Alexa Log C - Workflow Options
This post is intended to be a work in progress so I'll be adding more information over time as workflows evolve. I'm intentionally leaving some of this open ended because I'd like anyone reading this who can speak to the topic to help me flesh this out. If you have something to add, please shoot me an email.
These past few months, it's been all about the Alexa. Now that there's a healthy amount of them in the rental market, they're popping up all over the place. I can't speak for other people but for me, all of the jobs that would have been RED three months ago are now Alexa. What happened?
First of all, the images are just stunning. In my opinion, for now, the Alexa is the digital option that really stands up to motion picture film. Just like color negative, there's no harsh and sudden clip in the white, instead the highlights gently and elegantly roll off. There's tons of picture information in the shadows and the noise signature looks more like pleasing film grain than crummy video gain. The color response is faithful and natural. And it's unbelievably simple to work with. Arri really has done an excellent job with this camera and commercial production has been quick to embrace it.
There's a lot of discussion out there as to the best way to work with it - Log C, Rec709, and as of a few days ago, Arri Raw. So what's to be gained by shooting in Log C over Rec709? Really the answer to that question very much depends on how much time and money is available for post production. The out of the box Rec709 video on the Alexa actually looks very good and has ample dynamic range so if there's no time/money for a grade, then the WYSIWYG video is certainly a viable option. The fact is though that Log images encoded to a high quality RGB recorder are always going to give you far more flexibility in the online suite. And now with 2k Arri Raw there's even more flexibility and more resolution than the current 1920x1080 raster. As this newest option is only now available and I haven't worked with it yet, I can't speak to it in this blog post. Instead I'll just be listing a few options for live color correction of the camera's Log C video output.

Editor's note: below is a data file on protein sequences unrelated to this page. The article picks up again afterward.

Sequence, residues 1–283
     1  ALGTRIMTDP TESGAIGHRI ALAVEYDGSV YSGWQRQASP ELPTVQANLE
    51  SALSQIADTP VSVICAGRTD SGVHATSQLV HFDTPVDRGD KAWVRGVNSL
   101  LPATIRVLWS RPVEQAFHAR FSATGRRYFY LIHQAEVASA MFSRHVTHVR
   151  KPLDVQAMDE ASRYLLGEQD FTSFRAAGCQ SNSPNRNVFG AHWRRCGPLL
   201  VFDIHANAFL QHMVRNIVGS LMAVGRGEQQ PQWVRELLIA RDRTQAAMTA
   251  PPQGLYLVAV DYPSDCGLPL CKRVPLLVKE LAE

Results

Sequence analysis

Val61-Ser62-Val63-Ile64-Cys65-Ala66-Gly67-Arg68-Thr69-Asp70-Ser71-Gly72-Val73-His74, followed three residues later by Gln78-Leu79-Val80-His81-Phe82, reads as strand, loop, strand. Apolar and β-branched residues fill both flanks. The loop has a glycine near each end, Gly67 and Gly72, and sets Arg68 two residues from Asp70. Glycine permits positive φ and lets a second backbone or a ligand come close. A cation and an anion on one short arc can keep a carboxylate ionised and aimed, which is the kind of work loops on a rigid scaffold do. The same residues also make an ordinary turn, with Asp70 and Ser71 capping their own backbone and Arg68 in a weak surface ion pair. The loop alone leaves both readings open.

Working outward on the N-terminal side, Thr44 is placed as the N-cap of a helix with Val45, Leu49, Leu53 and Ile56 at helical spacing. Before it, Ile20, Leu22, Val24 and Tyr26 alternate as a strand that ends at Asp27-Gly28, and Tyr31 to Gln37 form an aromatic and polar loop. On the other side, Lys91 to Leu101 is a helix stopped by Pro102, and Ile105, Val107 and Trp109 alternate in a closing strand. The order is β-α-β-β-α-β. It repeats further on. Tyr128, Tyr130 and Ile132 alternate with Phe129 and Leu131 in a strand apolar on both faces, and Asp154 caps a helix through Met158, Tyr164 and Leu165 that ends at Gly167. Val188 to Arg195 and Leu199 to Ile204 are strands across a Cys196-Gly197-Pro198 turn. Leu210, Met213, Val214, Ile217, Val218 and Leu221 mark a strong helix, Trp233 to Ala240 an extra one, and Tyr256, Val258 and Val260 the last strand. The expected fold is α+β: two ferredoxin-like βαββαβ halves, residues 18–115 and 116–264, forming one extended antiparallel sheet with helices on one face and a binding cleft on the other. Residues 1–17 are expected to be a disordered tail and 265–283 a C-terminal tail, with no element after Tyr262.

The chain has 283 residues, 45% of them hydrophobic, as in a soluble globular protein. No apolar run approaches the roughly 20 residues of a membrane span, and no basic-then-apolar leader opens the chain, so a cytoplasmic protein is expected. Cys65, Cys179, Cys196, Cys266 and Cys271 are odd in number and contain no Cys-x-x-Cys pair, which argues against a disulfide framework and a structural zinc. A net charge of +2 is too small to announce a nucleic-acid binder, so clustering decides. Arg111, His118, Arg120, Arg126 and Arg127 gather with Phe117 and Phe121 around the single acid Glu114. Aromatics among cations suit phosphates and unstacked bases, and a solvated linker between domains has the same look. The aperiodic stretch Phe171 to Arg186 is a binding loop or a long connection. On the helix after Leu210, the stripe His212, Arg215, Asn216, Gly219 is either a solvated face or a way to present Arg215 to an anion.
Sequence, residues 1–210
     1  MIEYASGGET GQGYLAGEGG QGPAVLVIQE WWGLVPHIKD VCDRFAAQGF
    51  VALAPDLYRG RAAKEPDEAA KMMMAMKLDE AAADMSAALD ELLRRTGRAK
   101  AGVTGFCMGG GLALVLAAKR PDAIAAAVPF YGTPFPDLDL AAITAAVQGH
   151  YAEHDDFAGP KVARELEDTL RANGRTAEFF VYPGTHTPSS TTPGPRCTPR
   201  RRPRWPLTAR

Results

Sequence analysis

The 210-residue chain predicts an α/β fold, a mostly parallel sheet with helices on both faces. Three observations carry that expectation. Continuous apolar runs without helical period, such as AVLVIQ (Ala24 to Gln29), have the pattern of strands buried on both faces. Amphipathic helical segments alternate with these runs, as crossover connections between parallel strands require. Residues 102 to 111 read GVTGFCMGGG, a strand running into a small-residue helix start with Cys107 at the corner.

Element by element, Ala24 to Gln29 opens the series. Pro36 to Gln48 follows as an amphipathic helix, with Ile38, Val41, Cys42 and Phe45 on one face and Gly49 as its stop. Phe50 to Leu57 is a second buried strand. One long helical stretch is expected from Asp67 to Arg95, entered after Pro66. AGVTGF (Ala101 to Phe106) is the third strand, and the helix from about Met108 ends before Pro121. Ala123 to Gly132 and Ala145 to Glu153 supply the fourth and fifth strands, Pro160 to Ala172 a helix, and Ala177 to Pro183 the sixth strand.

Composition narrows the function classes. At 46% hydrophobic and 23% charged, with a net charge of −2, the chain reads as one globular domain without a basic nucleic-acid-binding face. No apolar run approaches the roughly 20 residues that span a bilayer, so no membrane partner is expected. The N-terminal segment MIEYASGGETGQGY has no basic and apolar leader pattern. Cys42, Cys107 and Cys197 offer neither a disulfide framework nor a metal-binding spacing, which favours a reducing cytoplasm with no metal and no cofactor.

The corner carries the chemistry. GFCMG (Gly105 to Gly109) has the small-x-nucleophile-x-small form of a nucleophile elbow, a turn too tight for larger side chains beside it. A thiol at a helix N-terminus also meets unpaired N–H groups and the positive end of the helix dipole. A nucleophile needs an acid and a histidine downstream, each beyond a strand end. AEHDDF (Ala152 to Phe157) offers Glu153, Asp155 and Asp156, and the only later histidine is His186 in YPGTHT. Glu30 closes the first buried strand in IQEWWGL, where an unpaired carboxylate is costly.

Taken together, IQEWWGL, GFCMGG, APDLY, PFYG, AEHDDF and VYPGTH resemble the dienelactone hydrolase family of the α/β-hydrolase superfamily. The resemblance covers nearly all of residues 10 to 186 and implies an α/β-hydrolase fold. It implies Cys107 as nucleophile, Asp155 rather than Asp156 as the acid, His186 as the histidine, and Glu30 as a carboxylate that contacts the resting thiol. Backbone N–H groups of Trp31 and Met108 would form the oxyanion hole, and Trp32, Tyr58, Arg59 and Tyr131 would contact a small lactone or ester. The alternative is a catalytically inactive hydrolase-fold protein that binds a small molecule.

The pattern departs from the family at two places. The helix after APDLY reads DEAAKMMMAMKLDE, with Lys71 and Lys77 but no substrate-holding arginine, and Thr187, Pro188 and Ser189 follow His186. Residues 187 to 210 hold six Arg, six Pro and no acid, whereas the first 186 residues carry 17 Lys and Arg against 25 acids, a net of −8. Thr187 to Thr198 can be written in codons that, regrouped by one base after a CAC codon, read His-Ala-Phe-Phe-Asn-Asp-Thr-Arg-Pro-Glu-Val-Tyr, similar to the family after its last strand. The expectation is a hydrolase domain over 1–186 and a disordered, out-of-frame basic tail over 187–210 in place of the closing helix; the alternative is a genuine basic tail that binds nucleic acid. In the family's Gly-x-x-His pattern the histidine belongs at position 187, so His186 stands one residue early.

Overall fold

Unless you have a lot of experience with Log space, it can be difficult to evaluate exposure because there is very little contrast in these images. The nice thing about Log though is that it's a conservative format and bad exposures are actually pretty forgiving. Within reason (more on that later). But you still need to ensure an overall baseline for consistency and continuity. To do this, savvy productions would use some form of viewing LUT (Lookup Table) or in other words, a color space transformation of the Log stream to non-destructively put it into a more normal range of contrast and color saturation.
I really like this simple definition of a LUT that my friend Adrian Jebef came up with -
"..a LUT (Lookup Table), in image processing, is used to transform input data into a more desirable output format. Turn X to Y. Grey to Black. Or Grey to White."
And that's it in a nutshell. To really get into the meat and potatoes of color space transformations is way beyond the scope of this post so if you're looking for more information, Steve Shaw ofLight Illusion published some articles on the topic that answer a lot of questions.
Using a LUT on-set not only makes evaluating exposures easier but it also makes the production feel much better about what they're shooting. Who wouldn't rather look at a colorful, contrasty image than a flat, murky one? To me this is kind of a no brainer - which would you rather the agency see -
Lookup Table's can range from simple "one light" 1D's to complex 3D's involving multiple secondary grades. And they can serve many purposes both on-set and in post but in my experience, there's no such thing as a one size fits all LUT. Every scene and lighting situation is going to be a little different and require some adjustment. After you've established your exposure baseline, you needn't make extreme changes but I've found that most shots require a little LUT tweaking here and there. That means that if you think you can get away with one simple LUT for the whole show, that's not really the case. Even a simple "DeLog" LUT that's intended to mildly normalize contrast and saturation can be too extreme in low light situations and too weak for high contrast exteriors. Doing a live color correct on the Log output has the added advantage of it now being very cheap and easy to record the corrected images to a small solid state device like the Ki Pro or Nano Flash. In this scenario, the production walks away with dailies that reflect the intentions of the DP, can be dropped into their edit without transcoding, and with matching timecode can be used to seamlessly return to the Log images for finishing. Everyone wins with this workflow.
Here's something else that's suddenly entered the picture even as I'm writing this - Arri's LUT Generator.
The LUT Gen can pump out LUT's for a variety of uses such as on-set DeLog, LUT's for Dailies, and for multiple devices such as Cine-tal monitors, Truelight box, HDLink Pro, Sony SRW-1 deck, etc. This is very a rudimentary tool though and lacks any ability to fine tune. I used it to generate their basic 1D DeLog LUT for HDLink Pro and it's the exact same look as when you're in Log C on the camera and you switch the Monitor output to Rec709 - a little bump up in contrast and saturation. To be honest, it doesn't look so great. I also tried a 3D LUT for Apple Color and I kind of feel like most colorists would prefer to just do their own work rather than use some cookie cutter preset like this. These "auto LUT's" could be useful for quickly baking a look for dailies but again, I would prefer to use LUT's that were generated on-set for this purpose because those images will be a far better representation of the production's intentions.